New ownership and the adoption of its current name in 1987 would transform the Barrymore.  With it began a gradual transformation from a second-run budget cinema to the live performance venue it’s known as today.  The screening of films would stop completely by 1992, when its current nonprofit ownership began concentrating exclusively on concerts by various touring artists of wide-ranging styles (from rock and folk to world beat and stand-up comedy), along with an occasional art house film.  A much-improved Schenk-Atwood neighborhood has certainly helped, with many restaurants and small businesses sprouting up since the Barrymore’s revitalization.

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Allison thinks about “Casa Valentina”


StageQ’s publicity poster for Casa Valentina (Image source here)

I got out of the house once again Saturday night and headed back down to the Bartell Theatre, where StageQ — the LGBT-themed theater group known for producing “Queer Shorts” shows like this and this — is offering its latest production, Casa Valentina.  (Note the present tense there; the show is running through next weekend.)  For those unfamiliar with the play (and I admit I was among them until I saw it in person), Casa Valentina is a Tony Award-nominated show about a gathering of crossdressing men in the early 1960s.  The play was written by Harvey Fierstein — yes, the Harvey Fierstein, whose Kinky Boots just had a Madison run earlier this month (damn, I missed it!) — and premiered on Broadway in April 2014.

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Allison reviews Queer Shorts 2.0


The poster art for Stage Q’s “Queer Shorts 2.0” as found on the website

I had been putting it off for a few days, but last night I finally made reservations to head back to the Bartell Theatre downtown for Stage Q’s “Queer Shorts 2.0: The Reboot.”  I say “finally” because Old Lazybones Me had been planning to take in the show yet kept putting off buying tickets.  And when I did finally make my reservation yesterday, it was for this afternoon’s final showing.  Yep, it was a matinee performance; no Friday Night excitement has I had been planning for.  Still, though, attending “Queer Shorts” was worth it no matter the starting time.

If you don’t remember my description from my review of “Queer Shorts 10” from one year ago, “Queer Shorts” is a production of Stage Q, which specializes in the production and staging of LGBTQ-oriented plays and performances, including their mini-play showcase “Queer Shorts.”  Why did they call it “Queer Shorts 2.0: The Reboot”?  Well, it wasn’t a “reboot” of the show’s format of any sort.  Rather, each of the 9 plays had a unifying theme (some direct, others obliquely) about how technology and social media affects the LGBTQ community.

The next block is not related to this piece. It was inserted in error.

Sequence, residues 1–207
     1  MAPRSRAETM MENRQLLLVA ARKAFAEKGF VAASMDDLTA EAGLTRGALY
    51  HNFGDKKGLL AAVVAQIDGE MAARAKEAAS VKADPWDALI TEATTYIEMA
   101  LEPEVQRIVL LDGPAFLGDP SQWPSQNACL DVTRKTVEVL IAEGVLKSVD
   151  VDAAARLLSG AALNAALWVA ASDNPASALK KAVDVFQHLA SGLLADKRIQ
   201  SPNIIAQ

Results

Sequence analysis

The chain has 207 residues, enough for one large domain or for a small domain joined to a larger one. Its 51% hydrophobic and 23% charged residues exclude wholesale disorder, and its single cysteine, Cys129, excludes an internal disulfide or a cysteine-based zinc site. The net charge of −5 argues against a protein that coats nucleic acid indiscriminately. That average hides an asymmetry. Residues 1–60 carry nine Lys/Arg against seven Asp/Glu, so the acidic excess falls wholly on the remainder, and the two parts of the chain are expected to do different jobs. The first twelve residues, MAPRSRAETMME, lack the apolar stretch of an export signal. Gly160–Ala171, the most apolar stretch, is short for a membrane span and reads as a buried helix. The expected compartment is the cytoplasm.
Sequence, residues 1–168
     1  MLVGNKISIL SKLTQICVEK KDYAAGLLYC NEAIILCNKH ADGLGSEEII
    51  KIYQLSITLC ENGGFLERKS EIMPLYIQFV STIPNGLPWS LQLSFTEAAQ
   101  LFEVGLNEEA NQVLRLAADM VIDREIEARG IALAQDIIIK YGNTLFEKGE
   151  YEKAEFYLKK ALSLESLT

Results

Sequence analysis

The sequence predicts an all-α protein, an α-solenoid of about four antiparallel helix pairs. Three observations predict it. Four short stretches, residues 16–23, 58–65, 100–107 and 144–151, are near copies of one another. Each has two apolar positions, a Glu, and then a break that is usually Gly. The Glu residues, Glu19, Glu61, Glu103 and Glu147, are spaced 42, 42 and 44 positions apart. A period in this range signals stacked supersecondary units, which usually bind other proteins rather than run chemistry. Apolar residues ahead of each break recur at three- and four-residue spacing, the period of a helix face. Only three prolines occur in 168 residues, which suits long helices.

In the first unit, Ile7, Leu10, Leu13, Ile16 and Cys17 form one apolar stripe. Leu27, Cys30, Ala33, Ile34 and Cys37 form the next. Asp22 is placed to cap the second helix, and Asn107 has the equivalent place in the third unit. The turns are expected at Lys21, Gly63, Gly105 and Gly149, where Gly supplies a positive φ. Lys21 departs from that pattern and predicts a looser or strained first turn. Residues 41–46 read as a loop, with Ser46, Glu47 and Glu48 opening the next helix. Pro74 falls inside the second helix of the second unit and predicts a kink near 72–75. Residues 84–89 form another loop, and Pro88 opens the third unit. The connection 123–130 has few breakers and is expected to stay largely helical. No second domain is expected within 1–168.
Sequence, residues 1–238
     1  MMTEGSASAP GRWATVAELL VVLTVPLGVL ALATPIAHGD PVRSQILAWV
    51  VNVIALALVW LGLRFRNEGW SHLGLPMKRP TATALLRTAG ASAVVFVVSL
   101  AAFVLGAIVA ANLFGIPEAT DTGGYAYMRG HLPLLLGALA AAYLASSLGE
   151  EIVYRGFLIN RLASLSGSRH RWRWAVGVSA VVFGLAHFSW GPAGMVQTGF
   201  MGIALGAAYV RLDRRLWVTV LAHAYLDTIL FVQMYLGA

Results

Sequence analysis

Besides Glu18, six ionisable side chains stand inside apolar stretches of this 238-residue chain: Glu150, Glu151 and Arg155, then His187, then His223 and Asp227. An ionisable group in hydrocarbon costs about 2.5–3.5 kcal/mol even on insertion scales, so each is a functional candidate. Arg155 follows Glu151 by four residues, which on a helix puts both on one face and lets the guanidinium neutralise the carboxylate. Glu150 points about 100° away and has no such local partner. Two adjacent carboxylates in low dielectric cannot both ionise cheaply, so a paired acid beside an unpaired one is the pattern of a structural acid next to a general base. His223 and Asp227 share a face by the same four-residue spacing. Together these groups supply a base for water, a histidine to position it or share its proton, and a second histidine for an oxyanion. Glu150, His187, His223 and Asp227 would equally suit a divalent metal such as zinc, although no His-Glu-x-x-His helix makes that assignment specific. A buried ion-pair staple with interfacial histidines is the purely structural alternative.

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Allison examine “La Cage au Folles”

Salutations, mesdames et messieurs!  On Saturday night, I bundled up, ventured out of the house (for once), and found myself in the grandest, bawdiest nightclub on the French Rivera — and all without leaving Madison!  How did I do that?  Easy peasy!


Image source:

Saturday night was the final staging of the musical La Cage aux Folles by Music Theatre of Madison.  Currently in its 10th anniversary season, MTM aims to produce and exhibit musicals that are unique, lesser-known, or not often performed — including some that had never previously been performed in Wisconsin.  They also emphasize local artistes performing in innovative ways and accessible locales.  What do I mean by “accessible,” you may ask?

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MTM staged La Cage aux Folles the past two weekends (Thursday thru Saturday) at Madison’s FIVE Nightclub.  Yes, the very same FIVE where I went out as Allison for the very first time many moons ago (when it was known as Club 5), and the same FIVE that was thankfully saved from closure just last year.

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Random stuff: Gender-neutral homecoming

Now that I’ve stepped down from my soapbox over the issue of what restrooms we may or may not be able to use, I want to talk up a couple of nice developments surrounding a school tradition: Homecoming.  I have previously gone on the record here as saying that I never went to homecoming or any other school dances when I was a teenager.  It wasn’t just because I was never a great dancer (and I’m still not one as an adult); I was awkward and not very sociable back then, worrying about my school grades more than some dance.  That’s not to say I ever disdained the homecoming or prom traditions, nor did I ever dissuade anyone from taking part.  There’s still a part of me that wishes I had gone to the dances back then, even if I had preferred to be the wallflower and stay on the sidelines.  There’s also a part of me that wishes I could’ve attended the dance as Allison.  No, I probably wouldn’t have been the best dressed girl at the dance, but considering the traditional community my hometown was then and still is now, I would definitely have made a significant statement.

Times have changed between the 1980s and 2015, and these days many schools and the students who go there are more open towards those who do not conform to traditional gender identities or sexual preferences.  That includes official student functions such has the homecoming dance.  There’s clear proof of that here in Madison, where students at Madison West High School have initiated a change in their homecoming tradition:  Next week, Madison West’s homecoming court will be gender-neutral, a move intended to make the school and its homecoming more open and welcoming to those who do not fit within the set gender binary.